- The Washington Times - Saturday, October 19, 2002

NEW YORK Russia said for the first time yesterday that it may back the use of force against Iraq if it refuses to cooperate with U.N. inspectors to eliminate its chemical-, biological- and nuclear-weapons programs.

"If the inspectors began to work in Iraq and in the course of this work, problems arise, the inspectors should report what problems have arisen," Foreign Minister Igor Ivanov told reporters in Moscow.

"Then the U.N. Security Council should again consider this issue and decide whether harsher measures, right up to the use of force, are required."

His remarks provided the clearest indication yet that Moscow was leaning toward the acceptance of the use of force against Iraq as a last resort. The United States and France are locked in a dispute over whether the council needs to specifically authorize the use of force if renewed inspections fail to solve the problem of Iraq's weapons of mass destruction.

The issue has deadlocked the council for weeks.

The standoff between the United States and France continued at the council yesterday, behind closed doors, with both nations eager to quash any suggestions of acrimony.

"I believe we are progressing," French President Jacques Chirac told reporters during a visit to Beirut. "The final decision is not yet made. A final accord has not been concluded yet."

The United States backed by Britain is seeking the council's approval to attack Iraq if it fails to surrender its weapons of mass destruction, which it fears will fall into the hands of Muslim terrorists or be used to threaten Israel.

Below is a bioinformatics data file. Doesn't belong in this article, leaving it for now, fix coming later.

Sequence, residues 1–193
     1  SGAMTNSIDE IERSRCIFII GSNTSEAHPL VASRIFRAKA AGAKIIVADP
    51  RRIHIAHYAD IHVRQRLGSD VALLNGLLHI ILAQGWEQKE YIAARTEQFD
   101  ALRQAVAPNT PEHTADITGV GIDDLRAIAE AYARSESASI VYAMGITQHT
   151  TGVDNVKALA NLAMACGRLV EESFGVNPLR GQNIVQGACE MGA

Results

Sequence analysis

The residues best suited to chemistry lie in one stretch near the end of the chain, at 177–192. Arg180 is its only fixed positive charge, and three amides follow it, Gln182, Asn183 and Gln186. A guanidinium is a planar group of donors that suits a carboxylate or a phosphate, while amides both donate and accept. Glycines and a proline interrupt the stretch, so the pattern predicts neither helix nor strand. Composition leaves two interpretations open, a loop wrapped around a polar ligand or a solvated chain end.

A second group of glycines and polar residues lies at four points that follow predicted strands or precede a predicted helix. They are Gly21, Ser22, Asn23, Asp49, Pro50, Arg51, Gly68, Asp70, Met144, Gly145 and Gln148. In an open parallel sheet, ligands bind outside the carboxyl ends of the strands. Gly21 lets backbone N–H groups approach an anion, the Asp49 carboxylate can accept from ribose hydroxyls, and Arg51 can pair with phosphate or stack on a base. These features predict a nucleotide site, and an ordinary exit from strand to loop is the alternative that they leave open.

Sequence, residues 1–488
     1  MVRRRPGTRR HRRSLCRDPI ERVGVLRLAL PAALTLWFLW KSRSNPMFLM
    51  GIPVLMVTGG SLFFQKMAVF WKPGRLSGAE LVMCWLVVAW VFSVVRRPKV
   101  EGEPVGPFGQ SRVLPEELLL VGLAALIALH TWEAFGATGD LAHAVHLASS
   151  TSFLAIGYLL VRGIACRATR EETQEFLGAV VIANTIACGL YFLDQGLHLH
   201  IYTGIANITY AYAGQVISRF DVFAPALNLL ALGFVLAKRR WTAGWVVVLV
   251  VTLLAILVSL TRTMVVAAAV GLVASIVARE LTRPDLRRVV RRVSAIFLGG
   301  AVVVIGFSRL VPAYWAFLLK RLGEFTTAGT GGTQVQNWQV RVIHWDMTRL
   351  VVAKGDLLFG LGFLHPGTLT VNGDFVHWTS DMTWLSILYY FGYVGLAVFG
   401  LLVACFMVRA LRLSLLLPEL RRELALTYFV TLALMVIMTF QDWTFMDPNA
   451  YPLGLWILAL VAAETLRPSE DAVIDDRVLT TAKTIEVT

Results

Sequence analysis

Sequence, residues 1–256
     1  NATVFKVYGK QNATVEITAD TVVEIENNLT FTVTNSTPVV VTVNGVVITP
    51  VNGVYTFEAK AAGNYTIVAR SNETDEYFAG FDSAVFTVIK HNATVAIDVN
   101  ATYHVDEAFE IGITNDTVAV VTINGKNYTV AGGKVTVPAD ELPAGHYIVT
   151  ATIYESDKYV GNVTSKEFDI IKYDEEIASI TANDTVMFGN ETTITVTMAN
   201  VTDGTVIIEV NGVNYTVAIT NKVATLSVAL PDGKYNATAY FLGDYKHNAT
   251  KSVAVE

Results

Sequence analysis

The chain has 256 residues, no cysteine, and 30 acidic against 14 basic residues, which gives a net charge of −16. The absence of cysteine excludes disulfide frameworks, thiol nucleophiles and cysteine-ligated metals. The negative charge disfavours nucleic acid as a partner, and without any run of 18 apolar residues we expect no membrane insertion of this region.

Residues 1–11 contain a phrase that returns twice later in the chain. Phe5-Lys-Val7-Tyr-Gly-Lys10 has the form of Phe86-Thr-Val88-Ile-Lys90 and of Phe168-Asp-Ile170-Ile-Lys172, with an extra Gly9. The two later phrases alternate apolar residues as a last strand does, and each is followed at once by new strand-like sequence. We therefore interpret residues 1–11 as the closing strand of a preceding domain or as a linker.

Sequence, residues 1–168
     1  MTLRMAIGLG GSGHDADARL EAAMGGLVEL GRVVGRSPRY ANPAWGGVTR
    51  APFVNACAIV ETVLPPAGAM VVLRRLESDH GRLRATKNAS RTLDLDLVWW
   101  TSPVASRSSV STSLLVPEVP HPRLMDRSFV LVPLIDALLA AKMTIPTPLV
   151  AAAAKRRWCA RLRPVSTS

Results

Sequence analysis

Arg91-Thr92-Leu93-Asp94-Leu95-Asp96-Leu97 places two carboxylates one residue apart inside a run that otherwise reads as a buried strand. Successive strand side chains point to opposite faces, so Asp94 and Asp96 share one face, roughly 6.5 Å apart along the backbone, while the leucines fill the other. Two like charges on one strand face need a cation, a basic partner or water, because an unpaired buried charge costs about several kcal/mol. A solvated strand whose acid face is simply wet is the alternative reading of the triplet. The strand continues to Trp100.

France, Russia and China want the Security Council to have the final say on whether to attack Iraq.

Council diplomats said yesterday that they did not anticipate a meeting of the five key members until Washington and Paris narrow their differences, perhaps as early as next week.

A new team of U.N. weapons inspectors, to replace ones ordered out by Iraqi strongman Saddam Hussein four years ago, is waiting for the Security Council to pass a resolution before returning to Baghdad.

U.S. officials rewrote two paragraphs of their draft resolution on Thursday, agreeing to consult with the council before beginning military action, but not tying the use of force to a council vote.

The Americans also dropped the unpopular demand that council members be allowed to send their own enforcers on every inspection foray into Iraq.

"I think we are comfortable with what we're doing in terms of reaching agreement on a resolution that achieves our goals, that keeps the United Nations in the picture, but that also retains for the president his full authority to do what's necessary for our national security," said State Department spokesman Richard Boucher.

He said the language is consistent with a recently passed congressional authorization for Mr. Bush to use force against Iraq.

The French want two separate resolutions: the first to demand full cooperation with weapons inspectors, and a second to authorize the use of force, if it refuses.

Washington wants a single, comprehensive resolution that would include language threatening "severe consequences" if Iraq fails to cooperate.

The latest U.S. proposal, which is circulating informally, appears to lay on the shoulders of chief U.N. weapons inspector Hans Blix the primary responsibility for determining whether Iraq is in compliance.

Mr. Blix is the head of a new U.N. inspection team that is waiting for a new Security Council resolution before returning.

"Blix would report to the council and the council, we hope, would try to deal with the problem," said Mr. Boucher. "Our preference is that the Security Council take action if Iraq doesn't comply."

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